It’s not just Legionella or Pseudomonas bacteria that you have to worry about lurking in your water. Escherichia Coli or E.coli is another bacteria which just loves living in man-made water systems like hot tubs, spas and swimming pools. It will breed rapidly given the right conditions which is why regular water testing is important. Legionella bacteria does best in stored or stagnant water systems where the temperatures are warmer, but E.coli prefers hotter temperatures that are sustained over longer periods.
E.coli in hot tubs, spas and swimming pools
E.coli bacteria is often associated with hot tubs, swimming pools and spas. These are just the sorts of places we relax with a glass of wine on a warm evening, and that’s where the problems start. It’s also not just the home hot tub or Jacuzzi which should be of concern, there is also a risk from poorly maintained public swimming pools and spa resorts both in the UK and overseas.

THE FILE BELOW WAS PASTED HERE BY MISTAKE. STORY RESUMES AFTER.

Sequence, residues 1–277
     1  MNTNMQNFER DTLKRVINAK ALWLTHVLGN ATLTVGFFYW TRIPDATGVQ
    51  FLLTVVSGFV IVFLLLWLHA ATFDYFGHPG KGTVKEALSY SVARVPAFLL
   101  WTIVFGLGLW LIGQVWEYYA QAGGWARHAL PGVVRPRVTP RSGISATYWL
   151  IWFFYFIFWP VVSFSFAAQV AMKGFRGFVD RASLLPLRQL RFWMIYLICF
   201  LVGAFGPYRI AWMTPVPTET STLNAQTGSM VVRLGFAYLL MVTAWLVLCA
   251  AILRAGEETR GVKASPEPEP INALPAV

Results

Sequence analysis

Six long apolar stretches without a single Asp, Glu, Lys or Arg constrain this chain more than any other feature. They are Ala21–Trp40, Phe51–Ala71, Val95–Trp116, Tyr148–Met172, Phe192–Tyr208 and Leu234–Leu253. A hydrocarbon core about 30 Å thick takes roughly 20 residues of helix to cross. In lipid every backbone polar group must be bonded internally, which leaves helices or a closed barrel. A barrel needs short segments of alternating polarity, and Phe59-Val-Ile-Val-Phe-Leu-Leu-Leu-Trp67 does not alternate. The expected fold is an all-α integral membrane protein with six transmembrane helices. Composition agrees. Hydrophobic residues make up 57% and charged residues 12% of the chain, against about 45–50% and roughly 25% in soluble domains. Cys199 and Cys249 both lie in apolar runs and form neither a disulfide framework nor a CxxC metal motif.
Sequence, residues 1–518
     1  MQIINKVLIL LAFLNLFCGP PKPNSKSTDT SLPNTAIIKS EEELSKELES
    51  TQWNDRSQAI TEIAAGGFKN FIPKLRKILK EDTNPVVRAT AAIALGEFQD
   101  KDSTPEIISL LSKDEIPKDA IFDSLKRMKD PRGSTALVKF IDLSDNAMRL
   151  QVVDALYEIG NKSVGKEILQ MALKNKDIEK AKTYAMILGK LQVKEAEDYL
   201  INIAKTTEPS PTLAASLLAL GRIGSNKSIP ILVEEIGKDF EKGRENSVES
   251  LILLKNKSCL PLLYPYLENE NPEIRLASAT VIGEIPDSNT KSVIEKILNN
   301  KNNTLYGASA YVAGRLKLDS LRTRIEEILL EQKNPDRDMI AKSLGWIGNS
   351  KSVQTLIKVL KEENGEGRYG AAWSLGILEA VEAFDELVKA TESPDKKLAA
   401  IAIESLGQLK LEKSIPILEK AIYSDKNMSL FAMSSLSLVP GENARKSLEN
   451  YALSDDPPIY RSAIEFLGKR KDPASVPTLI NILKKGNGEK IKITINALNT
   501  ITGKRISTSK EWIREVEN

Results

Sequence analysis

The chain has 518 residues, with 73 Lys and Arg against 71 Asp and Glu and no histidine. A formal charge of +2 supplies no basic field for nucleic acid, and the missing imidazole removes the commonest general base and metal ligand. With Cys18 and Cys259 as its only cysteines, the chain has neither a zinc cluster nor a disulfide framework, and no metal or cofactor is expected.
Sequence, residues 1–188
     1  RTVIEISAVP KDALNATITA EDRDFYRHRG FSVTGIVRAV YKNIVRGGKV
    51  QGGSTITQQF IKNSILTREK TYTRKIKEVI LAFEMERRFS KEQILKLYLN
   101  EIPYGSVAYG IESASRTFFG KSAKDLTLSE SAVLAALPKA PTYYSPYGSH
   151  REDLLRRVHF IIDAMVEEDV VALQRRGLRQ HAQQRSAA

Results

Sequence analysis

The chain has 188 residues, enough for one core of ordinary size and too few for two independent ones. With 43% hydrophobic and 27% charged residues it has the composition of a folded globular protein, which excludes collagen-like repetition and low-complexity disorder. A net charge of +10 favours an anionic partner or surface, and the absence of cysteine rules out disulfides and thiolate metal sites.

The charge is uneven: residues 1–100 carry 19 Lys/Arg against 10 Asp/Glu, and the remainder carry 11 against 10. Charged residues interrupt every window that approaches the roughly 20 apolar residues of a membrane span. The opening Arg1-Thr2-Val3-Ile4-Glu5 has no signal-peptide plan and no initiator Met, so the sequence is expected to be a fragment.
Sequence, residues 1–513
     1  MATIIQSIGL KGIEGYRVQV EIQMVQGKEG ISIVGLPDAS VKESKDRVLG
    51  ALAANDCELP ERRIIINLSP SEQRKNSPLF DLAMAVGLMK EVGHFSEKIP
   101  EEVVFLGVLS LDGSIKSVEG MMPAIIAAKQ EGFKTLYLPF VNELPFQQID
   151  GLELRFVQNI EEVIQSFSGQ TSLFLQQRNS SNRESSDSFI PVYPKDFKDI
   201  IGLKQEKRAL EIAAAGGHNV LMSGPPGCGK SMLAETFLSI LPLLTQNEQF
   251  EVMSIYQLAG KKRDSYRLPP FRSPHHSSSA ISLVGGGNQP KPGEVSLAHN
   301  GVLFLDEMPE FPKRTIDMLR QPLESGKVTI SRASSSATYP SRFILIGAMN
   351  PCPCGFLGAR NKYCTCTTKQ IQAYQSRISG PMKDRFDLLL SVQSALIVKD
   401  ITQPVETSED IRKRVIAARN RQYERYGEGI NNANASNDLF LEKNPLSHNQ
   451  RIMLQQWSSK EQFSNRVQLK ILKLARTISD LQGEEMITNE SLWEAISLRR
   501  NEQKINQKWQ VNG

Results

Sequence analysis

If hot tubs and pools are properly maintained, then the risks of contracting E.coli or any other nasty bacteria is significantly reduced. However that’s not to say the risk isn’t there, and anyone running a business which provides hot tubs, spas or swimming pools on their premises has to understand the risk factors associated with E.coli, legionella and other infections, and more importantly, how to maintain their water systems so that customers and their staff are not put at risk.
What is E.coli?